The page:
Twenty-three of the 30 top-ranked offshore providers are located there; neighbors in the hemisphere are beginning to make progress in the industry.
Posted Jun 12, 2006
More than three-quarters of the top providers of offshore services to U.S. companies have their operations in India, according to a new study from the International Association of Outsourcing Professionals (IAOP). The study also states that China, Eastern Europe, and Russia, while lagging far behind India, are starting to show up more often on the worldwide outsourcing map.
"This reemphasizes how strong India is in terms of offshore services," says Michael Corbett, executive director of the IAOP. He adds that although areas like Africa and the Philippines have shown growth as outsource destinations, few companies operating there are ready to step up on a worldwide basis, unless they are already part of a global operation.
The top-five companies--24/7 Customer, Ajuba International, Bleum, Cognizant Technologies, and EPAM Systems--are among the IAOP's "rising stars," firms with strong growth performance but significantly less public awareness than Genpact, Wipro, or Equinox.
"The leading offshore providers are driving considerable business process invention and innovation," Corbett adds. "From Mumbai to Moscow, and from Shanghai to the Philippines, American business is finding ways to do things faster, better, and more efficiently offshore. And the leading offshore providers are taking the challenge and creating a feedback loop to insure continuous process improvements." Among those improvements are "blended solutions" offering integrated outsourcing solutions across more than one country, which helps meet the needs for different time zone coverage and different skill sets, according to Corbett.
Among the leading functions moving from the U.S. to offshore locations are IT support, toll-free call and email responses, consumer transaction processing, and financial and document management. Most are tasks that are labor intensive, require significant attention to detail, and demand real-time digital resolution.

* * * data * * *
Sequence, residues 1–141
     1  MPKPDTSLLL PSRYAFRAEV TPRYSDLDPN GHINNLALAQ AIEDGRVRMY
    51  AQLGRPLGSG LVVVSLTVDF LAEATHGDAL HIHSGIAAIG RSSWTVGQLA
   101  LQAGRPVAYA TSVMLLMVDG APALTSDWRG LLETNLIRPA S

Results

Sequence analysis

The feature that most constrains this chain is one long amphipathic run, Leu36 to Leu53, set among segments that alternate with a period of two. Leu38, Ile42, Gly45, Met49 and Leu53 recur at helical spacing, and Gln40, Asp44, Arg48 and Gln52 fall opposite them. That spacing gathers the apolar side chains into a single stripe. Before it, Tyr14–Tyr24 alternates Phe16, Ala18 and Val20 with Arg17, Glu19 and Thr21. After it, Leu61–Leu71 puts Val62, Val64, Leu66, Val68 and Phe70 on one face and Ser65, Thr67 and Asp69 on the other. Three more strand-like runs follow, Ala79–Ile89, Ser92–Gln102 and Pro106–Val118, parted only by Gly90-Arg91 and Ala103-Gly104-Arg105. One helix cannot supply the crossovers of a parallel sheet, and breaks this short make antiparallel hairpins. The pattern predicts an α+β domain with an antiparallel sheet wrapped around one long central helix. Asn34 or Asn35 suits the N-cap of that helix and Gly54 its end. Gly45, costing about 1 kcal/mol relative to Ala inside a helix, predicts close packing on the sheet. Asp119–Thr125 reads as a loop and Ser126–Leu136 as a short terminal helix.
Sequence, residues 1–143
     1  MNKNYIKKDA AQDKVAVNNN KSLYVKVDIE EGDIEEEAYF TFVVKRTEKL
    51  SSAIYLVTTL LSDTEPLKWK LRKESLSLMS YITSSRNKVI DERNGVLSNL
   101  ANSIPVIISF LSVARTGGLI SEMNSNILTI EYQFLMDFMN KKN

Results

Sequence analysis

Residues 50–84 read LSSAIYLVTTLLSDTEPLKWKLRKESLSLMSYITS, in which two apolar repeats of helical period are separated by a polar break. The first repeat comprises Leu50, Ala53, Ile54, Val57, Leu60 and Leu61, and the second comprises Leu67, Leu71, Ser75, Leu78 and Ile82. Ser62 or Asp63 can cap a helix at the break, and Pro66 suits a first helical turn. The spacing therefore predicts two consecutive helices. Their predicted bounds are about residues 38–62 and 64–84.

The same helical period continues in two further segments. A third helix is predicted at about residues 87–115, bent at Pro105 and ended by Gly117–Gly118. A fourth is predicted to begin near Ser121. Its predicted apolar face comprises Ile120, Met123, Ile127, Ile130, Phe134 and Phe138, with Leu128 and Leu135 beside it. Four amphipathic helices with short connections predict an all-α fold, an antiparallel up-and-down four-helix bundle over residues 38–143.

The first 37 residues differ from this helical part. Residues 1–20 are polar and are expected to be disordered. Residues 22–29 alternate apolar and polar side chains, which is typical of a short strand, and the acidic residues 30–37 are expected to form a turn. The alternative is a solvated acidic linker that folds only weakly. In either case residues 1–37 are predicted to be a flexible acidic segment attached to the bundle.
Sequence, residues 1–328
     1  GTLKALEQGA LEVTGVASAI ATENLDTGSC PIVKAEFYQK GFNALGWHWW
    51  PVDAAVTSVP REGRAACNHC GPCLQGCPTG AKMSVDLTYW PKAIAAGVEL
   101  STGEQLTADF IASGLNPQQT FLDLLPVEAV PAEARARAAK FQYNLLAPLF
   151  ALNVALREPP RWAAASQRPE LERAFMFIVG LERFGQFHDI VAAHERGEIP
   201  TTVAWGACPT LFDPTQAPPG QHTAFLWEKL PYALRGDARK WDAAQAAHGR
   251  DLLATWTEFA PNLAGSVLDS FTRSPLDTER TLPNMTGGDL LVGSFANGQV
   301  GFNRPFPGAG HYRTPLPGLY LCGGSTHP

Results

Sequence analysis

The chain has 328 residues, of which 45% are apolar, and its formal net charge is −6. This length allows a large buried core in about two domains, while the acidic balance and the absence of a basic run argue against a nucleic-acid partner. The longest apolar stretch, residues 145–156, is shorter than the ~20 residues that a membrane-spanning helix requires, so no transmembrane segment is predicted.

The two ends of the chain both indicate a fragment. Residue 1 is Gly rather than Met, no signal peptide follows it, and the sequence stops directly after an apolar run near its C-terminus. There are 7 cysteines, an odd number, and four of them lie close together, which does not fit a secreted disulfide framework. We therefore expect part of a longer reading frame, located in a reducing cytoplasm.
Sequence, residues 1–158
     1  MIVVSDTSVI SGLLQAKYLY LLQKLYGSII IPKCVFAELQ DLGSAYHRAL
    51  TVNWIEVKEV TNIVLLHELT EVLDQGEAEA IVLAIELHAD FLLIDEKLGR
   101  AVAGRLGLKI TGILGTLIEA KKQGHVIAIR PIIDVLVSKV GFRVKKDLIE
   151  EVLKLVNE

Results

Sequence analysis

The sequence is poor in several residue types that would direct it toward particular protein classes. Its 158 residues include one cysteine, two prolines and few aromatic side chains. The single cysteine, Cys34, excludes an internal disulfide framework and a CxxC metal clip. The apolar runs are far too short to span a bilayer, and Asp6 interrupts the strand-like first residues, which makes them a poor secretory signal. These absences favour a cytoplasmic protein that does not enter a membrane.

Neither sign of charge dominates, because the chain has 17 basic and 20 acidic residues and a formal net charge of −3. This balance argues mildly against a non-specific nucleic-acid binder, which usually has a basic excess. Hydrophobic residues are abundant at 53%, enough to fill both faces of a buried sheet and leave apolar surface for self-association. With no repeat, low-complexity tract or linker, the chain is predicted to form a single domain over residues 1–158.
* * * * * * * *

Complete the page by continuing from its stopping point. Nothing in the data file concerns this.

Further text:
Many of the top offshore providers have carved out business niches by providing specialized services, according to Corbett. Others have taken the specialized services model and created specialized business processes, often aimed at a specific industry or even industry segments. In some cases, multinational companies have spun off internal organizations (e.g., GE and Genpact, British Airways and WNS North America) to transform themselves from cost centers into profit centers, according to Corbett.
"You don't go offshore just to chase low labor rates. You look for companies [with] proven methodologies, people, and technologies, then you look at the financials," Corbett says. "You don't just pick a location and look for which companies are good. You look for a good company, then you look at where they have operations."
Is Africa the New India?
Several African nations show good potential for call center development and growth; Botswana, Ghana, Morocco, and Tunisia will all start to compete for agent positions.
Sorry, Could You Please Repeat That?
Accents and dialects are the leading contact center frustration among consumers; 29 percent of U.S. respondents say hard to understand accents is their top complaint.
Customer Service in the (Really) Deep South
U.S. businesses are beginning to look to Mexico and other Central American areas for customer service agents as the domestic Hispanic population rises.
Sponsored By: Jacada, Avaya, Confirmit, inMoment and BoldChat
Sponsored By: Genesys, Avaya, Verint, and Aspect